I have been in need of instant gratification recently so I have been playing with my stretch block. Having a stretch block is wonderful, I can use it for an infinite number of designs, all of which only take a couple of hours to make. My stretch block came from some pattern making classes I took at Raystitch with the lovely Alice. I can’t recommend these classes enough as Alice is a great teacher who makes it all look very easy and gives you lots of inspiration and encouragement (also plies you with wine and cake which makes the sewing much easier).
This is a simple dress which is smart enough for work but fun enough for play. Stretch dresses are an absolute godsend to those of us who cycle to work as they fold up next to nothing in a pannier and come out looking fresh and new.
There is nothing complicated about this dress, the front and back are straight from my block, which has darts, to give it a great fit. The collar I stole from the Renfrew pattern, I love large collars and this one is fabulous, the only quibble I have is that because the inner and outer collar are made from the same pattern piece the seam around the outer edge of the collar falls to the outside. If I were to make it again I’d make the under collar slightly smaller to ensure the seam is kept nicely hidden away.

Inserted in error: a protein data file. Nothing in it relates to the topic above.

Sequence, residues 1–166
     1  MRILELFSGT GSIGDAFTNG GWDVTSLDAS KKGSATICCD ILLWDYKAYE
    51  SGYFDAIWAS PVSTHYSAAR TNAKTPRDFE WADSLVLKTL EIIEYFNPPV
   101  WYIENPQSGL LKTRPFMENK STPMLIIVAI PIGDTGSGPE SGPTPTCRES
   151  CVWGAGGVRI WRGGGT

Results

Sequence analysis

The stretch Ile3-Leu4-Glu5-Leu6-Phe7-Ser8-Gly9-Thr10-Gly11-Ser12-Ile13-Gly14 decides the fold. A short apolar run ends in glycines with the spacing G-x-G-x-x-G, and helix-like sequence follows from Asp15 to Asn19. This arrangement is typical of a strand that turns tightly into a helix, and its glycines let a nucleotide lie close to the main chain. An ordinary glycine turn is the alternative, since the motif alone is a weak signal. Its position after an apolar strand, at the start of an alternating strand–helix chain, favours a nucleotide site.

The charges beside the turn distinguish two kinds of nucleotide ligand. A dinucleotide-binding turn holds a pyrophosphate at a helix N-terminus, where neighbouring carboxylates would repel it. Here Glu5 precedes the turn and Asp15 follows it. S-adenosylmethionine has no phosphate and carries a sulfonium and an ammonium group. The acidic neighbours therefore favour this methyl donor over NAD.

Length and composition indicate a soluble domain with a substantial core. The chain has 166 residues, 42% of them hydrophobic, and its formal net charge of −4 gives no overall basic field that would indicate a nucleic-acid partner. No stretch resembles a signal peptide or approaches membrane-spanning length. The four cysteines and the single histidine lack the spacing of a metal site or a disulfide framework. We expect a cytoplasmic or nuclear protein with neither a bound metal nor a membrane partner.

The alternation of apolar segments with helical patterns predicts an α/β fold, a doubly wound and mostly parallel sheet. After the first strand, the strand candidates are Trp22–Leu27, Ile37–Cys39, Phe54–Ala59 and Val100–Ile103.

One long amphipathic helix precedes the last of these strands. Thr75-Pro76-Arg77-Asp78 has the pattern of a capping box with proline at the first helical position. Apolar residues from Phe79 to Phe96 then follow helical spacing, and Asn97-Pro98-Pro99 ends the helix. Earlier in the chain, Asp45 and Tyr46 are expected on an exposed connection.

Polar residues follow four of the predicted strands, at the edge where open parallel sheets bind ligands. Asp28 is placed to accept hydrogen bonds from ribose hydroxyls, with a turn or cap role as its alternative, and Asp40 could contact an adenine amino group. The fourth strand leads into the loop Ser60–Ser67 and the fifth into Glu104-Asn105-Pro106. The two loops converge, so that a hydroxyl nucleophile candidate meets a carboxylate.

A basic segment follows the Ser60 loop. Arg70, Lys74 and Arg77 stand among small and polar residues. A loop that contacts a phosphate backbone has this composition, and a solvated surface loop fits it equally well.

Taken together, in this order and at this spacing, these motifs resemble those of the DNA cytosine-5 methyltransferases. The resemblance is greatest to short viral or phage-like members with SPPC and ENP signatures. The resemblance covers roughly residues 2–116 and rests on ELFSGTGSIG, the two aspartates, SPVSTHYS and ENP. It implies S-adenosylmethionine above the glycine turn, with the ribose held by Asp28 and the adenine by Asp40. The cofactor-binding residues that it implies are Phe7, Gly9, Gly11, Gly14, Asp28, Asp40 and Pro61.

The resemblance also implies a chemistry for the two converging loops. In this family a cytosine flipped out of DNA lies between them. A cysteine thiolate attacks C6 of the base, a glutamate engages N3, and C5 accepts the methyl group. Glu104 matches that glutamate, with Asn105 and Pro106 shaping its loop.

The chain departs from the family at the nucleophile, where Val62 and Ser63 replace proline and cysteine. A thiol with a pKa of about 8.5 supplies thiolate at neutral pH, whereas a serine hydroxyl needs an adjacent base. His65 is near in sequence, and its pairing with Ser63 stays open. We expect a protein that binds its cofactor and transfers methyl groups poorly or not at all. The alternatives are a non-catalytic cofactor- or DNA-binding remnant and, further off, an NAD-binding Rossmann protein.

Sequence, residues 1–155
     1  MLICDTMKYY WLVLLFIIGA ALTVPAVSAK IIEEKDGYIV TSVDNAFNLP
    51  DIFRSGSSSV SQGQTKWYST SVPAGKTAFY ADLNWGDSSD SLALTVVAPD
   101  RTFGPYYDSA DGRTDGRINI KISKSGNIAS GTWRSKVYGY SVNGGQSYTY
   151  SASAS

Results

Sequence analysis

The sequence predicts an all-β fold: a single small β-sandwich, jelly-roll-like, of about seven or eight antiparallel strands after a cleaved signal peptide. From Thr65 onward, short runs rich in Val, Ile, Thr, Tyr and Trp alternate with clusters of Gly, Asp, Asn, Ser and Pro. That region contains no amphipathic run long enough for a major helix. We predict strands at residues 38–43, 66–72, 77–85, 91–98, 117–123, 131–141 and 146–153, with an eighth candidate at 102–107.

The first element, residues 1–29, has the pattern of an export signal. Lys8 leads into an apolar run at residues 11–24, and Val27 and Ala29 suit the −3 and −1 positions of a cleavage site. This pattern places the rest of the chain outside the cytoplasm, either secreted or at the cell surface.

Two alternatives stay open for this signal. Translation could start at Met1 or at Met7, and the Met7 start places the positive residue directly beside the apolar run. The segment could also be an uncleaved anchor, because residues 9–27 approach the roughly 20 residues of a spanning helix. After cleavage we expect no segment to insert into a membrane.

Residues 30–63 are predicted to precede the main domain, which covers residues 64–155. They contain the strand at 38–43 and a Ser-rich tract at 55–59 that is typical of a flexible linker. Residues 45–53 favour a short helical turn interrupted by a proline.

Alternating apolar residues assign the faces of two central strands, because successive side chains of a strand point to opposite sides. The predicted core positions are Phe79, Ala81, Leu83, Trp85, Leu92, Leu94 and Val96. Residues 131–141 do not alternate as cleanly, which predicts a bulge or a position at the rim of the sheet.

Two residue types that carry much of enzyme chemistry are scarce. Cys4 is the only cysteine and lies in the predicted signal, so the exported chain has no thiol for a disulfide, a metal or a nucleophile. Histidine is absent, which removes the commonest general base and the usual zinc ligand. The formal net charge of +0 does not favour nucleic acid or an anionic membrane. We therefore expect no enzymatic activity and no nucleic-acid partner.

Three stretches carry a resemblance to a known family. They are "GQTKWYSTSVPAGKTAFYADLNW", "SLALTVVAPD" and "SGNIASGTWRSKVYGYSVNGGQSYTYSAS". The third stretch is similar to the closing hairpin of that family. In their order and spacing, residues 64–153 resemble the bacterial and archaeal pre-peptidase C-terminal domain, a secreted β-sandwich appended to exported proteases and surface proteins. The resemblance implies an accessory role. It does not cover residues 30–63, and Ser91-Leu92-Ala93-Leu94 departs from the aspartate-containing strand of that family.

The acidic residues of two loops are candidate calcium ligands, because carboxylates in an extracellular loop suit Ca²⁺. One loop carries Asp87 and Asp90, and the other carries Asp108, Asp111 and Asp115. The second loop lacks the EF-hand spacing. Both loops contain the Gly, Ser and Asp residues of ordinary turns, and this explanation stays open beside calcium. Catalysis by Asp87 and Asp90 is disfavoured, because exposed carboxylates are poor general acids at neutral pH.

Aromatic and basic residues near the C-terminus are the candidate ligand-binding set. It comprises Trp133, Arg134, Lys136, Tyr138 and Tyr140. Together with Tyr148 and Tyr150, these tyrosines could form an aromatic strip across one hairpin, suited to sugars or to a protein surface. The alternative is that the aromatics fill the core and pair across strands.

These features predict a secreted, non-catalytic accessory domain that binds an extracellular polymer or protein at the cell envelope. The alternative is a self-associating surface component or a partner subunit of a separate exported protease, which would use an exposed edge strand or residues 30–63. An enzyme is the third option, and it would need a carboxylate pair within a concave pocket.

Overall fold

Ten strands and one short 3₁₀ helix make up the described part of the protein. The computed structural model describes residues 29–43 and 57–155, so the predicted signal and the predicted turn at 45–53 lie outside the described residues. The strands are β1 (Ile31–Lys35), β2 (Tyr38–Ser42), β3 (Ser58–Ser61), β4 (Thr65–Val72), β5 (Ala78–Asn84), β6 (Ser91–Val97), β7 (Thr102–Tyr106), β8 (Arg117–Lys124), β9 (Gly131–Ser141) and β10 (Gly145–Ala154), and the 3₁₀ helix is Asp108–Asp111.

The fabric is called Les Branches and came from Dragonfly. I had one of those late night buying sessions which lead the next morning to a lot of guilt, and worry that I might have ordered something not very nice. Fortunately both pieces of fabric (I also ordered some Campan jersey) turned out to be lovely.
I only ordered 1.5m and I was pleased that I managed to get all the pieces cut with next to no spare fabric (really I was struggling to find a scrap big enough to run some test stitches over).
I was so keen to get it made I just ran it through the overlocker without basting it first and as a result it is slightly better fitted than I had meant it to be. Naughty Jane! Always baste first so you can check the fit. Fortunately stretch fabrics are very forgiving.
The hems were finished by running them through the overlocker, then turning them up once and sewing around with a twin needle.
Probably two hours from start to finish – that’s pretty instant in my book – taking the train into town, browsing the shops and doing lots of trying on would have taken longer.